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Behavior-Driven Development testing for Java using lambdas. Inspired by RSpec and Machine.Specifications.

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Why create another testing framework for Java, and why use lambdas?

JavaSpec attempts to be:

  • Concise: Simple behavior should be simple to test and describe in a small amount of space.
  • Searchable: Finding call sites in Java code is easy. Finding where a test calls your code should be just as easy.
  • Transparent: You shouldn't have to keep any caveats in mind when writing test code.

There are many testing libraries out there with some of these characteristics, but expresiveness does not need to come at the cost of adding complexity. For example you can write your tests in Ruby or Groovy (as the author once considered), but now you're adding more components between your test and production code, adding new dependencies, and losing out on searchability.

Lambdas are the weapon of choice for turning simple expressions into one-liners. A test with one assertion can be 1 line instead of several for tagging and creating whole, new test method.


JavaSpec is located in the Maven Central Repository, under the following coordinates:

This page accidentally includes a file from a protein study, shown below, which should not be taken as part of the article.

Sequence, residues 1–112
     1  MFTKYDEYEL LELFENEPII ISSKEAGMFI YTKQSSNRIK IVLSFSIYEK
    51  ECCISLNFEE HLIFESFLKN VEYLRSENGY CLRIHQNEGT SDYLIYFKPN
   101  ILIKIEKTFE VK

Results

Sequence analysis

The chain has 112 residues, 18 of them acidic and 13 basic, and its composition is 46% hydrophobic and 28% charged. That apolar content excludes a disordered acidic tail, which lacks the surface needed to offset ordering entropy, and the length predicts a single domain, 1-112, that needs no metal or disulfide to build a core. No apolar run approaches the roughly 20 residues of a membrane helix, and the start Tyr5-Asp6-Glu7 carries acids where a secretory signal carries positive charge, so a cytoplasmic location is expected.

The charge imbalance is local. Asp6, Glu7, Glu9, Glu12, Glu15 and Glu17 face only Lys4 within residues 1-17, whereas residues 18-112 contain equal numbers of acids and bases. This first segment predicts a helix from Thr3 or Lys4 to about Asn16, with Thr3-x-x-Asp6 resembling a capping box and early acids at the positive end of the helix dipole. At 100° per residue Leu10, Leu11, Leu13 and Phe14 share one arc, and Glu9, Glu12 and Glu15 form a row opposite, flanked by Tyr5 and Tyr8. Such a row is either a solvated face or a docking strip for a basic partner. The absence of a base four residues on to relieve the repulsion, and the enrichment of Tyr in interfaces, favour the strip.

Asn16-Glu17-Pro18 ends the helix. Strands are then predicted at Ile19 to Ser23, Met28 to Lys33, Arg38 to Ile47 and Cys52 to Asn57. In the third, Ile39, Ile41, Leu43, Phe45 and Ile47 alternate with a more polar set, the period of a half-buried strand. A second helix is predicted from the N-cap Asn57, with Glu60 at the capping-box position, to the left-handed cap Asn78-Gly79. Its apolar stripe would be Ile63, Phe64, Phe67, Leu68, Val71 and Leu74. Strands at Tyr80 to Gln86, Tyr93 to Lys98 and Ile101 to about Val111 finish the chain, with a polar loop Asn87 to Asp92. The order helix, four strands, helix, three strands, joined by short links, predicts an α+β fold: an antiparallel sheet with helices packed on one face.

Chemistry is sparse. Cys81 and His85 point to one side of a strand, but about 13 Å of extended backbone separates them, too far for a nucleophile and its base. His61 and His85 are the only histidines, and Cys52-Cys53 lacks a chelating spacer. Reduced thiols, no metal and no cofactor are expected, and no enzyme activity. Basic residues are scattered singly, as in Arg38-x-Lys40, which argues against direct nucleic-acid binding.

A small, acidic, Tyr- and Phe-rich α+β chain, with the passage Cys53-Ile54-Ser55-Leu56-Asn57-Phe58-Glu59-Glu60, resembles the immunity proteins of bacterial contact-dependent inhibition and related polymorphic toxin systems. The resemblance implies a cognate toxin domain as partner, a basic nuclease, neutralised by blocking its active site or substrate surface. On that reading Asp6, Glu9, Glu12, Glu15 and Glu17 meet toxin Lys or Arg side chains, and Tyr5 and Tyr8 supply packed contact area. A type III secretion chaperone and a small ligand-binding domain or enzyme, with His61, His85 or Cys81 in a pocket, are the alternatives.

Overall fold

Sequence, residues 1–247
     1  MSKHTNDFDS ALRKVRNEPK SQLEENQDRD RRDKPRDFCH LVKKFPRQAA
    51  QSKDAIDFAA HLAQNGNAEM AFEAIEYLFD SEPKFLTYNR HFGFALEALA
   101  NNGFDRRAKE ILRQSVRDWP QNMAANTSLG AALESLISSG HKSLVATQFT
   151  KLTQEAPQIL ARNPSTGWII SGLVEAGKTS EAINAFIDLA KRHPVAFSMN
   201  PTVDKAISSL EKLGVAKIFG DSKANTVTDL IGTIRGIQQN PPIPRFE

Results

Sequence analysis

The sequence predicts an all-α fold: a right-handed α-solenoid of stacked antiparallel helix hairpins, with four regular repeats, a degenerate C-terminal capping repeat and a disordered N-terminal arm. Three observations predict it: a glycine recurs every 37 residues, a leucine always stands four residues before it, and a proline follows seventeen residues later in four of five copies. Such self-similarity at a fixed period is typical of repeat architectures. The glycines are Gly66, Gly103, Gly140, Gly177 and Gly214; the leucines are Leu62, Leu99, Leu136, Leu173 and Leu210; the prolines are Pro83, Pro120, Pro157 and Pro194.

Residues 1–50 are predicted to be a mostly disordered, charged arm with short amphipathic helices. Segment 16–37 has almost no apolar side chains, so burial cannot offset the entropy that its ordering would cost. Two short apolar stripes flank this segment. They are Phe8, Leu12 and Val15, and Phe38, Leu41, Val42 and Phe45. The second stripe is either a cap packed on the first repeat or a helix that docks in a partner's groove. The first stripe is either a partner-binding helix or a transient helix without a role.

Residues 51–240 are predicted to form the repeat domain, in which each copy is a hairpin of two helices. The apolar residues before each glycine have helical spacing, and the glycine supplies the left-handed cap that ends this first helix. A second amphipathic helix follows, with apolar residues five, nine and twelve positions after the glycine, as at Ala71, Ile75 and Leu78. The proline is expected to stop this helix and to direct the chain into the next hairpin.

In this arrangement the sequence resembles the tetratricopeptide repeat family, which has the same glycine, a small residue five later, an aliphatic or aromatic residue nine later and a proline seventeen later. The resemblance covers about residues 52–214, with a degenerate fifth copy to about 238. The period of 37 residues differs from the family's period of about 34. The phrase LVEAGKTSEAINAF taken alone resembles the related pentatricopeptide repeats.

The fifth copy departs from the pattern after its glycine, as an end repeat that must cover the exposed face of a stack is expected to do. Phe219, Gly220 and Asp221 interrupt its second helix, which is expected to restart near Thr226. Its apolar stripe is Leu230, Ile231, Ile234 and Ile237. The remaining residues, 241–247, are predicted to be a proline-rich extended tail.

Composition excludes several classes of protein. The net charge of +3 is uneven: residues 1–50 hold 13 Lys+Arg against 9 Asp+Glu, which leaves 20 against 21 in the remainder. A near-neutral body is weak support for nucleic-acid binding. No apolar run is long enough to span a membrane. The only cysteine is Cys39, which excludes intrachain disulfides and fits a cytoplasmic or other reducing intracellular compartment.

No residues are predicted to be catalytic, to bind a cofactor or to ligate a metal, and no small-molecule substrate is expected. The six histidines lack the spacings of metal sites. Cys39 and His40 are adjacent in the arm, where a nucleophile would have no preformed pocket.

It depends upon JUnit 4 and Java 8+.

Getting started

There's no magic in how JavaSpec works. This guide describes JavaSpec in terms of its similarities to popular libraries instead of pretending like these are radical, never-before-seen ideas.

It runs on JUnit

In JUnit, you create a test class and put @Test methods in it. JavaSpec is similar:

  • Make a test class.
  • Tag it with @RunWith(JavaSpecRunner.class).
  • Include 1 or more It fields in the class and assign a no-arg lambda to it. Put whatever code you would normally run in the @Test method in this lambda.
  • Run your tests anywhere you run JUnit. Maven (surefire plugin) and Eclipse Luna work.

A simple "Hello World" test looks like this:

class GreeterTest {
  It says_hello = () -> assertEquals("Hello World!", new Greeter().sayHello());

As with JUnit, you get 1 instance of your test class per test. Each It is its own test.